Options for Helping Pets with Hyperthyroidism
The endocrine system is a group of glandular organs that secrete hormones, and is responsible for regulating bodily functions such as metabolism, growth, tissue function, and reproduction. It is composed of important players, including the adrenal glands, the thyroid gland, and the ovaries or testes. The endocrine system is controlled by the pituitary gland and hypothalamus of the brain, and Its health is essential for the proper functioning of the body.
One of the most common dysfunctions of this system we see in pets involves the thyroid gland.
Learn about how this affects our animal patients and what we can do to treat hyperthyroidism in pets.
Understanding Thyroid Dysfunction
The thyroid is a bi-lobed gland that lies alongside the trachea in the neck. It manufactures and secretes thyroid hormone, which is key in regulating metabolism. Sometimes the thyroid gland does not secrete hormone in a biologically appropriate way. It can make too little thyroid hormone, which is referred to as hypothyroidism. This is most commonly seen in our canine patients.
The thyroid gland can also secrete too much hormone, which results in hyperthyroidism. The vast majority of hyperthyroidic pets are cats. Diabetes may produce similar symptoms in cats but blood work and urine testing usually indicate the issue. If not, more advanced testing will confirm the diagnosis.
Hyperthyroidism often develops from a benign but functional tumor in the thyroid gland. Because the gland is secreting too much hormone, the metabolism of the affected animal is increased. This results in the most commonly seen symptoms of hyperthyroidism:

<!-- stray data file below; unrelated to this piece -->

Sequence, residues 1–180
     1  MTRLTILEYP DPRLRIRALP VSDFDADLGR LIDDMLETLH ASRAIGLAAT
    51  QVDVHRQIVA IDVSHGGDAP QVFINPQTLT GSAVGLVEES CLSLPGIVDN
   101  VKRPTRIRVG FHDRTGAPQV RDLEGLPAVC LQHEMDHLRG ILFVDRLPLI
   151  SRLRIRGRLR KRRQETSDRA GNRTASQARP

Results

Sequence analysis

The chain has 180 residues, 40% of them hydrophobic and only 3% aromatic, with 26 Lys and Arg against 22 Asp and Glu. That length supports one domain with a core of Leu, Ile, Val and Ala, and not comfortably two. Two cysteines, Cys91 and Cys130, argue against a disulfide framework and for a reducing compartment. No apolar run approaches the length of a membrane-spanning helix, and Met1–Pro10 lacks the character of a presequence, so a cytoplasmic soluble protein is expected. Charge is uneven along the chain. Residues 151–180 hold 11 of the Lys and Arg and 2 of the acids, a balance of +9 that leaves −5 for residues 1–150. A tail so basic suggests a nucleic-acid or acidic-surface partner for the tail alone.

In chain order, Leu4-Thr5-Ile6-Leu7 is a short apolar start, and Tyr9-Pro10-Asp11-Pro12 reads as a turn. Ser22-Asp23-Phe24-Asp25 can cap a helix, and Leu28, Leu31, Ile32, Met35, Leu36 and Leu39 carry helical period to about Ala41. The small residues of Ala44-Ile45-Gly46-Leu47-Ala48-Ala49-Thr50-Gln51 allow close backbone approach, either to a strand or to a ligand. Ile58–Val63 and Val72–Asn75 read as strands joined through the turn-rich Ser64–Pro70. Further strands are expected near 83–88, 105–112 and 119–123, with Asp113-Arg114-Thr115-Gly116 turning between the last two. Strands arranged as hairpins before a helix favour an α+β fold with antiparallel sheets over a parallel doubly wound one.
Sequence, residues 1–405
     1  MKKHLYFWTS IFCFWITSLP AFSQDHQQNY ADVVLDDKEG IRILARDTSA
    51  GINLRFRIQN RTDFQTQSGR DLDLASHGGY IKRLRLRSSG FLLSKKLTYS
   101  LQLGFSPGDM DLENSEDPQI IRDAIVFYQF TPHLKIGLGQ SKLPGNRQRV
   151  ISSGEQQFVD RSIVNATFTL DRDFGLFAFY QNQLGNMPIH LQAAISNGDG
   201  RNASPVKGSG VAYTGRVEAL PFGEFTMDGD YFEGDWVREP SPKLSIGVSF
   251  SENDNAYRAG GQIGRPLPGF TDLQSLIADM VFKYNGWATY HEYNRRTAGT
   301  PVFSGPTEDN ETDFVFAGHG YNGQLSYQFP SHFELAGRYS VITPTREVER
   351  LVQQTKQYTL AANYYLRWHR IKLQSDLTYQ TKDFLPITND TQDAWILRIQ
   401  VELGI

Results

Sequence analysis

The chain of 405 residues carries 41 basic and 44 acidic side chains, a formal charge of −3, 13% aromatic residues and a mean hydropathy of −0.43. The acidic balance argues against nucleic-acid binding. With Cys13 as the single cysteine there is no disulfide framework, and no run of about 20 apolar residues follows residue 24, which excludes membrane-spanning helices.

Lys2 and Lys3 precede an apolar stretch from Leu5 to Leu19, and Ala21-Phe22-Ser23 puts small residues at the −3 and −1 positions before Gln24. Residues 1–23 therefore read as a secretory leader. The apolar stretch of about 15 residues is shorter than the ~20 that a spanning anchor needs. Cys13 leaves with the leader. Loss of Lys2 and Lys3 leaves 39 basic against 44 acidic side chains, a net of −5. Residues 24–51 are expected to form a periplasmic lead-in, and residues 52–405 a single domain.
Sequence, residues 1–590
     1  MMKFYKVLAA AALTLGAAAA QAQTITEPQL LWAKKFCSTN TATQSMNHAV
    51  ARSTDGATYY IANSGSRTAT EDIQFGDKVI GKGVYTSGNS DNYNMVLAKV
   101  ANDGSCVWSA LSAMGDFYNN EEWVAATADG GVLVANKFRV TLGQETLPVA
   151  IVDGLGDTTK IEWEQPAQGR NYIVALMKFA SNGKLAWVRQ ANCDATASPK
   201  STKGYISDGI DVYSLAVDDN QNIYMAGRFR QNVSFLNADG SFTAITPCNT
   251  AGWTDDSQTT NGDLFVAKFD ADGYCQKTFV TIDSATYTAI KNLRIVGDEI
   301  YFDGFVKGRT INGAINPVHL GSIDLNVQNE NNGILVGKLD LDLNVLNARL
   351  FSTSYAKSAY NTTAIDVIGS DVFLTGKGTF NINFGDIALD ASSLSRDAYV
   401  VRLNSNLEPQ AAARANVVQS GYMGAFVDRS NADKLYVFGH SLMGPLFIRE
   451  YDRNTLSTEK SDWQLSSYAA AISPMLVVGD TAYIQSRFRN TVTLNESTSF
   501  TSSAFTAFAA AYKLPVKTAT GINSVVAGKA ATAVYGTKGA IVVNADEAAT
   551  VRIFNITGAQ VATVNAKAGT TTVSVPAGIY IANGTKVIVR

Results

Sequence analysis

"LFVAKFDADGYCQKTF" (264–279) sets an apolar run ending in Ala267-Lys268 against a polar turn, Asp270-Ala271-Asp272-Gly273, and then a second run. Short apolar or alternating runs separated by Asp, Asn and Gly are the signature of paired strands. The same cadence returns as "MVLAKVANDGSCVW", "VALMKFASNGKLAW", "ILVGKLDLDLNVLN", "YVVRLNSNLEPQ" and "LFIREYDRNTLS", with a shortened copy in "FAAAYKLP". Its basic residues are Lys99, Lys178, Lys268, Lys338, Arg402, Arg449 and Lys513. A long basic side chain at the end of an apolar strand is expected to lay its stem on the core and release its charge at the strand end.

- Weight loss
- Increased appetite
- Agitation or change in personality
- Increased vocalization
- Increased thirst and urination
Hyperthyroidic animals are also predisposed to high blood pressure and may experience related symptoms, such as changes to vision.
Helping Hyperthyroidic Pets
Thankfully, for most affected pets, hyperthyroidism is a very manageable condition. If your pet is diagnosed with hyperthyroidism, several treatment options exist. Different options may be better in different situations, but, in general, they all are very effective choices. We may choose to manage this disease process with:
Diet – Hyperthyroidism can be managed successfully by restricting iodine consumption. Because iodine is required for the production of thyroid hormone, feeding an iodine deplete diet like Hill’s Prescription Diet y/d can control the effects of hyperthyroidism.
Medication – Medications, such as methimazole, interfere with the production of thyroid hormone, decreasing the effects of hyperthyroidism. For most cats it must be dosed twice daily for life. It is readily available in pill form, but can be compounded into a liquid or a transdermal lotion.
No matter whether your pet needs diagnostic imaging for diagnosis of thyroid disease or you are considering treatment options, we are here to help you. Hyperthyroidism in pets is a common disease, but thankfully a very treatable one.